PublisherSpot Earnings Updates: August

August 6, 2007 Posted by Tyler Cruz

Here is an update on the type of numbers PublisherSpot is pulling in.  

It’s very difficult when charting these numbers. Unfortunately most ad networks put very little work into their affiliate systems, and most have little-to-no access to anything but the most basic affiliate stats, and some don’t differenciate between your publisher earnings and your affiliate earnings, which really makes tabulating this data difficult!

As a result, these numbers may not be exact, but are as close as I could get them.

One thing I realized while updating my spreadsheet was that it’s only going to take longer and longer to update these stats with the more reviews I have. What will I do when I have 75 networks for example? What about 150? I guess that I’d have to start doing the updates once every two-months, then quarterly, then eventually yearly. Oh well, I’ll cross those waters when they come.

Anyhow, as you can see, the site is still basically making nothing. Sure, I’ve made nearly $200 from it so far, but I’ve spent far more on the programming, design, and marketing of it. But I’m still not concerned…. even though the site is, believe it or not, over a year old. Because the site has made steady progress in terms of development and content, and I haven’t really done all that much marketing with it yet.

However, I do expect (hope) that it will start to pick up, due to the recent improvements and the upcoming marketing I have planned for it. Once I add more reviews to it, it will definitely be the undisputed leader for ad network reviews.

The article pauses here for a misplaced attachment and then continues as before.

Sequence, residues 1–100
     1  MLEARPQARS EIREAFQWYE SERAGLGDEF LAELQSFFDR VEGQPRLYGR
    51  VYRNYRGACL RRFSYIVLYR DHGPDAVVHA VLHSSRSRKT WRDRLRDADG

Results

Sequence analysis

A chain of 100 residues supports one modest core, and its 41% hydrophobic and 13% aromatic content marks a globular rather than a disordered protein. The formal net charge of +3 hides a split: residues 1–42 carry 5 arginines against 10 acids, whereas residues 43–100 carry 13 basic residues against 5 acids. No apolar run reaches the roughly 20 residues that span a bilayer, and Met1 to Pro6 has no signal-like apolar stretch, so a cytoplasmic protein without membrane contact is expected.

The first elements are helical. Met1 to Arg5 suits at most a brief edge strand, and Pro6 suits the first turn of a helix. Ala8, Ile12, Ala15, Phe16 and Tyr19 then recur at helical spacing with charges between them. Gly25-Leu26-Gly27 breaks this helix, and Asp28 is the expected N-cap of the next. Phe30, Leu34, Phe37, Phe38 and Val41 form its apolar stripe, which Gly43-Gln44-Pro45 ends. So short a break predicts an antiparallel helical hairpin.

It will be very interesting to see the numbers when I post an update a month from now, after I market and advertise it…

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Posted: August 6th, 2007 under My Websites  

8 Responses to “PublisherSpot Earnings Updates: August”

  1. The beauty of PublisherSpot is that it will only grow. As it gains more exposure and covers more publishers as they emerge, it will only generate more traffic and a greater readerbase. Additionally, you will be fine tuning the optimization of your aff-link placement and such to get readers to use the buttons to go to the website.

    I think it’d be really interesting to see the amount of clicks you get per network. From that you can figure your conversion rate and see which networks aren’t doing very well and plan accordingly. Of the users that click on your aff link, how many become a referral? Are you getting a whole lot of people to click but few convert? Or are you just not getting much traffic to end up clicking on the button. I think that’s a very critical thing to know.

    Either way, I like seeing your earnings. Regardless of whether or not you’re even earning a lot, they really authenticate your blog as a whole. I can read blogs all day but if the bloggers are just regurgitating concepts and theories all day, it gets pretty repetitive. I JUST launched today and I’ll be using a niche forum to back up what I have to say and openly experiment on for my blog posts. By no means is it my only forum and definitely not my most successful one (no way!) but I think using it as a tool of experiment and instruction can really accompany what I have to see and provide a sort of visual showcase of the topics that apply.

    • Tyler Cruz says: